The consumer’s decision to buy meat forms the basis of and is the initiating event in the subsequent development of the meat industry chain. Due to the heterogeneous composition of consumer groups, consumers have widely divergent expectations of the product, their understanding of “value” being the most important criteria, i.e. the quantity and quality characteristics of the product relative to other types of food and consumer commodities. In this value package the consumer requires a reasonable price in a marketing service that is attractive and contains the necessary information. Ultimately the consumer eats meat because he / she enjoys it.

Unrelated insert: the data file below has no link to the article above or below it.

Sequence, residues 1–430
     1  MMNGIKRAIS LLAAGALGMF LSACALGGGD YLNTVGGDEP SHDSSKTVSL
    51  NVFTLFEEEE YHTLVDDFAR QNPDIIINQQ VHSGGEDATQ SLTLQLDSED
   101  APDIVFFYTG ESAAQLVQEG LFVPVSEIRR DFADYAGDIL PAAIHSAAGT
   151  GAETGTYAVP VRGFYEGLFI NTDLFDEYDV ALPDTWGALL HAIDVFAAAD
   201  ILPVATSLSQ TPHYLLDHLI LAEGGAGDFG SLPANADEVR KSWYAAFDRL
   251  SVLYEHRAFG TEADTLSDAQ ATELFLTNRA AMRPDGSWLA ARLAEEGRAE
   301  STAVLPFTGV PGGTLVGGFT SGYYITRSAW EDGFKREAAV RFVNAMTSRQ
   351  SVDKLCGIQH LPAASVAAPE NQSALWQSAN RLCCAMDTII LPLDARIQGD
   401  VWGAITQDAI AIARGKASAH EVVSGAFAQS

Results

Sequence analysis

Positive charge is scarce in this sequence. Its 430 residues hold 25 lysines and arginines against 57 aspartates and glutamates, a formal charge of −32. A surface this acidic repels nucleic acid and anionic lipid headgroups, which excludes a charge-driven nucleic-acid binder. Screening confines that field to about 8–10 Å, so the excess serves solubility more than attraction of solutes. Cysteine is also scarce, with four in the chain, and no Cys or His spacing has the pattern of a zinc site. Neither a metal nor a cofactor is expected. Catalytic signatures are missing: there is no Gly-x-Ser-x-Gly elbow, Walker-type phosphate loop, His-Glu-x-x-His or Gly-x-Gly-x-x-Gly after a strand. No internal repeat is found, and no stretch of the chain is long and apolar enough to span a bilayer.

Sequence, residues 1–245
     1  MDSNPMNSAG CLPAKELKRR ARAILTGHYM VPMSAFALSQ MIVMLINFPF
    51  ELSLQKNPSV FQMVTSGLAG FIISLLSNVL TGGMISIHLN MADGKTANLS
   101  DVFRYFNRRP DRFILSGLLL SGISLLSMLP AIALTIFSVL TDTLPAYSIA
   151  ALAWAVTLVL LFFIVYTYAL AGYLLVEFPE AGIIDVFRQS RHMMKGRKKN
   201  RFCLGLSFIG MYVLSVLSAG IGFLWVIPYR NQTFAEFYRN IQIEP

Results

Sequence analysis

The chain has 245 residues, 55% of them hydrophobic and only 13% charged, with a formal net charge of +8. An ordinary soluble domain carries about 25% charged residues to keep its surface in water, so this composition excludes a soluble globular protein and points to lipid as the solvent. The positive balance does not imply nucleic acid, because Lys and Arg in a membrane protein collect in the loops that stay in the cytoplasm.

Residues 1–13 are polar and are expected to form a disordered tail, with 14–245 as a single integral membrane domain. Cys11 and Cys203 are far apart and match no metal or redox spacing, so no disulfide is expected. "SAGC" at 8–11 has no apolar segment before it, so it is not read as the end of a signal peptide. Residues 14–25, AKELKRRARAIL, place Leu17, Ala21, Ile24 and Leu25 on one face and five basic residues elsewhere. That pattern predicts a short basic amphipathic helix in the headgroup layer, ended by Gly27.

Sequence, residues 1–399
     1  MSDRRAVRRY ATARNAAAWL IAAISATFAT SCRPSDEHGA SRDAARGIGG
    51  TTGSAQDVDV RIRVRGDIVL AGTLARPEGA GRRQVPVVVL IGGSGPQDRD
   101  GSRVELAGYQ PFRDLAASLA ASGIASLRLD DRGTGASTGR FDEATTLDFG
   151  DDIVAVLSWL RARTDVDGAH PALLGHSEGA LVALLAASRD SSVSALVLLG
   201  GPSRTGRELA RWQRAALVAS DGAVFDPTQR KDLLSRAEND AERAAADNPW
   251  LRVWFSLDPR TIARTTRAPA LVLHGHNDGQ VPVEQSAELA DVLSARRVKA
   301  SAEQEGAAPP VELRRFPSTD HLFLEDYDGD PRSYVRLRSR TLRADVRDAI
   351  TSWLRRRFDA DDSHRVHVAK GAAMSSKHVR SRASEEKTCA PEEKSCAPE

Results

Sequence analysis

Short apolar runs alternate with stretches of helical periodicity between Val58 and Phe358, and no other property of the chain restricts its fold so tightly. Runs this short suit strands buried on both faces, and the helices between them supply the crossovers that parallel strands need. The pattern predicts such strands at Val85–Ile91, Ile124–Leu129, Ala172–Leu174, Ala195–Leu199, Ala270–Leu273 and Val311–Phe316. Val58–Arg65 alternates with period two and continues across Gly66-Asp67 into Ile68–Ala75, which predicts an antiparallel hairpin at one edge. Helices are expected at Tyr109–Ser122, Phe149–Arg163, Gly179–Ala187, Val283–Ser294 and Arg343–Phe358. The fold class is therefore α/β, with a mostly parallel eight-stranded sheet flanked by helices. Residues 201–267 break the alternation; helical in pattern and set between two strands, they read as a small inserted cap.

The quantity and quality characteristics of red meat that eventually reach the consumers are affected by one or more of the various pre-slaughter and post-slaughter factors. These factors are the genetics, physiology and environment of the animal, the slaughtering process; and finally the storage, processing, marketing and consumption conditions of the meat. Figure 1 shows the links in the Value Chain of beef as an example, namely producers, middlemen and consumers.
All facets of research on red meat production and the products of red meat producing livestock should therefore attempt to fully take into acc
ount the effect of all the links. The more familiar factors can be controlled, whereas research on the less familiar factors requires urgent attention.